"When apps can interoperate — that’s the nirvana," says Layer founder Ron Palmeri. "When some kid at RISD creates an amazing app and some kid in his parent’s basement creates something else, and those two apps can intercommunicate across Layer ... that’s when people’s brains are gonna just melt." In other words, if every messaging app interoperated, the best app might truly have a chance at winning. There would be tons of messaging apps to choose from, but you couldn’t call it fragmentation. In this world, niche apps can still thrive without having to reach 100 million users. "What Layer will do is enable people to experiment," says Štolfa. "Ninety percent [of these apps] may fail, but at least it takes a few weekends instead of a few months."
But doesn’t this mean Layer is in control of your apps? Not exactly. Layer charges for the back-end to power your apps — not the protocols these apps use to talk to each other. Miller and co. plan to test out and tweak the best protocols the web has to offer, and open source their progress. "If Dark Mail comes out with a great spec, we’ll be adopting as much of that as possible," says Miller. "The goal here is to assemble the best pieces … once you have those pieces of protocols and specs and crypto algorithms and key-passing schemes, you can create the best modern package of them — and that’s the SDK you drop into an app."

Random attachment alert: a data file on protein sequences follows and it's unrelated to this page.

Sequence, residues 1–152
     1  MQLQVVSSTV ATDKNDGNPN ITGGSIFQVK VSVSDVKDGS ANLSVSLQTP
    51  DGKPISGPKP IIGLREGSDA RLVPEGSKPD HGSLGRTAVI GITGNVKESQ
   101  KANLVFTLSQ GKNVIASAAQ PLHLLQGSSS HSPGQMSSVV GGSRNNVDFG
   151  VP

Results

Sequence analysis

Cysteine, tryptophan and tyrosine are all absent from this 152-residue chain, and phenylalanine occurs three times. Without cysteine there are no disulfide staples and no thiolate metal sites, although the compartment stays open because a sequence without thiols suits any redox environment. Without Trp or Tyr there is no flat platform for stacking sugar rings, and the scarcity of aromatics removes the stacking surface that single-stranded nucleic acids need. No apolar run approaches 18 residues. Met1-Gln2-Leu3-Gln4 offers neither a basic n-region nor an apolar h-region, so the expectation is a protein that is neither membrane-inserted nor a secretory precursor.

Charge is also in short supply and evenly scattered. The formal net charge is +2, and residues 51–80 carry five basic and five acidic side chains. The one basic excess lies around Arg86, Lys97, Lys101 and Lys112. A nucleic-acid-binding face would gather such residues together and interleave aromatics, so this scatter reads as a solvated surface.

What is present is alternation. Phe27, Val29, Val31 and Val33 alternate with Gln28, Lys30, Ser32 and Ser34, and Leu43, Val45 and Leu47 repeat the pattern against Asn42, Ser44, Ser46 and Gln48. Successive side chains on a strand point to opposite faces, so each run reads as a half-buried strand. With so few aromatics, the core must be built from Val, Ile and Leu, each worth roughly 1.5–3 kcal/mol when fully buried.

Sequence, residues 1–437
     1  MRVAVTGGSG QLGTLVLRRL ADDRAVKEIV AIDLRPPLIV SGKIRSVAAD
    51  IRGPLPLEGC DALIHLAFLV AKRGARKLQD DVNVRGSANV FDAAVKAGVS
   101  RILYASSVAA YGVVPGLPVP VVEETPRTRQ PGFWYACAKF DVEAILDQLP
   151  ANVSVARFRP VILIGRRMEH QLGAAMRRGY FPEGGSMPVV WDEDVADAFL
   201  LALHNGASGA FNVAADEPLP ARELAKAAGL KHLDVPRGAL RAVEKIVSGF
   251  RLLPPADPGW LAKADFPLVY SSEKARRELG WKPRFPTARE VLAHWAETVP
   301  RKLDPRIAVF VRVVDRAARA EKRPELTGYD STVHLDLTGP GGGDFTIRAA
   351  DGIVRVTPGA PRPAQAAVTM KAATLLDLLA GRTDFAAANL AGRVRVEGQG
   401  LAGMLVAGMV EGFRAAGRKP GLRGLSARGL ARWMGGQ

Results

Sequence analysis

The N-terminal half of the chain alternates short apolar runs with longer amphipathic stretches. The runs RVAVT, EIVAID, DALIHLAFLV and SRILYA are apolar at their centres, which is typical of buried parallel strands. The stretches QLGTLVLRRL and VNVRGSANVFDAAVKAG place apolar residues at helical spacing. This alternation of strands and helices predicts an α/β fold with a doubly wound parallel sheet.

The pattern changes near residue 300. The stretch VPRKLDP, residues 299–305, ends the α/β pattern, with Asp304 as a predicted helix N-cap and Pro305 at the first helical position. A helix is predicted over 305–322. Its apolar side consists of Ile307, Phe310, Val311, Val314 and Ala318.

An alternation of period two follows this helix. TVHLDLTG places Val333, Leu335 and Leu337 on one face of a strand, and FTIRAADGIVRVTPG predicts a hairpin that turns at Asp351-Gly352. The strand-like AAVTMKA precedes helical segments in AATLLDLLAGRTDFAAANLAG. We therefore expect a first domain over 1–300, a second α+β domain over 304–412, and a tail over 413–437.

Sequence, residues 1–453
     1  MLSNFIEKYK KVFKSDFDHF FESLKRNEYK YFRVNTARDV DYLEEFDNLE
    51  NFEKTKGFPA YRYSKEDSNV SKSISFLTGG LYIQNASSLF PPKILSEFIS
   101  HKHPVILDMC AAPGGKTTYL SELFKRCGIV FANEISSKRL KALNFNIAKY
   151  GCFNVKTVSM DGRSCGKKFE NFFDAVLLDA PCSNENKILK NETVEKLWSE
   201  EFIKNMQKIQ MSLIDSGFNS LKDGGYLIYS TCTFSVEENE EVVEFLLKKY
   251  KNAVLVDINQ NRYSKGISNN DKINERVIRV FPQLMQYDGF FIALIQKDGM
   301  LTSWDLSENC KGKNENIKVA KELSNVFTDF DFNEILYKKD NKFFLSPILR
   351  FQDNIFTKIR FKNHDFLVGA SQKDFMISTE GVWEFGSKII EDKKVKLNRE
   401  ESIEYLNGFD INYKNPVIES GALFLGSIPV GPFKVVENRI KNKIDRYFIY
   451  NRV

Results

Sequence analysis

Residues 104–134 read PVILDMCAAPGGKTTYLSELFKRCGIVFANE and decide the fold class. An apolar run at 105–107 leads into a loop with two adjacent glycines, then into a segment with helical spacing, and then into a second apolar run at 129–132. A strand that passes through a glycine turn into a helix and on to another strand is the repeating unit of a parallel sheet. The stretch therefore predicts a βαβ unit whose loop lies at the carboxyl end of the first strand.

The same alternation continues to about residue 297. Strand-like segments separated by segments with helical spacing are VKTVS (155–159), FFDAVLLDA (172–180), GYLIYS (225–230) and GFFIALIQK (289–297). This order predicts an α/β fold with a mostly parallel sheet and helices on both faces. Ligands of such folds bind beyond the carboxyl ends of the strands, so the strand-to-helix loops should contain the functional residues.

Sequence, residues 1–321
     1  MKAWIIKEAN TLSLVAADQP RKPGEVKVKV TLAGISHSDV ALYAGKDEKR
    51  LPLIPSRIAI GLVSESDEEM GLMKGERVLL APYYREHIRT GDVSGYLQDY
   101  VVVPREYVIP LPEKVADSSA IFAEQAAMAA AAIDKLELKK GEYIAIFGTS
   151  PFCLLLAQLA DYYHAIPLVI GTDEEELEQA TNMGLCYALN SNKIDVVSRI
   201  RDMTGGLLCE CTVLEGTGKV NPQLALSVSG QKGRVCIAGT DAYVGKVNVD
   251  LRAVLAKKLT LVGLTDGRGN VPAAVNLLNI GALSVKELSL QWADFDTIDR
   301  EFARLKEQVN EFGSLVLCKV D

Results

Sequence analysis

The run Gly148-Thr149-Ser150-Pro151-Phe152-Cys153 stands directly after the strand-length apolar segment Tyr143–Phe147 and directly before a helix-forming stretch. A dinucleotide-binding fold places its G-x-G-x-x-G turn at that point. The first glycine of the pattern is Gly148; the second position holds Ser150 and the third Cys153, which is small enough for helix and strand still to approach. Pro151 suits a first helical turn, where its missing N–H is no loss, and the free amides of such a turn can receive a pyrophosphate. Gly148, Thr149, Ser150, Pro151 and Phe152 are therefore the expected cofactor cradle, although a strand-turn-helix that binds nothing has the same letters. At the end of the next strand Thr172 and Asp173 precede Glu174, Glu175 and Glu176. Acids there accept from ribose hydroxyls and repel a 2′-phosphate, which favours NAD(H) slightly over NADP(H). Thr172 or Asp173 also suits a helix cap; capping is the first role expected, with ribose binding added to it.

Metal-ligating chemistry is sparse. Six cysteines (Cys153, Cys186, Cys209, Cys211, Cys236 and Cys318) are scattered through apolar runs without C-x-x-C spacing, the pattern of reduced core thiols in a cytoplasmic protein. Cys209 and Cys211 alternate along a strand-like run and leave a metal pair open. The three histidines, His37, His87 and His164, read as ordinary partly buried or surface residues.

Messaging is quickly becoming an essential feature for mobile apps, and interoperation could prove to stimulate growth for an entire ecosystem of apps. Yet Miller’s rekindled dream might not come true. Every Layer developer could use the company’s SDK but wall off their app if it’s better for business. Or a company like Google could adopt some of Layer’s open-sourced communication protocols without paying the company a dime. But to Palmeri, open sourcing is necessary. He hopes that by showing users exactly how their messages are being sent, they’ll trust Layer, and this in turn will fuel consumption of its back-end services. If Layer can actually accomplish its heady goals, we might all shave a couple messaging apps off our phones instead of using 20 as many people do today, with one app to talk to each friend.
"We want to be stewards to show how you do modern communication that is a great experience, and that is trustworthy," says Miller. "This is why I did Jabber so many years ago, and why I dropped out of college when the web started — I realized that protocols are the fabric of how everything talks together on the internet, and getting protocols right means you let people share lives with each other."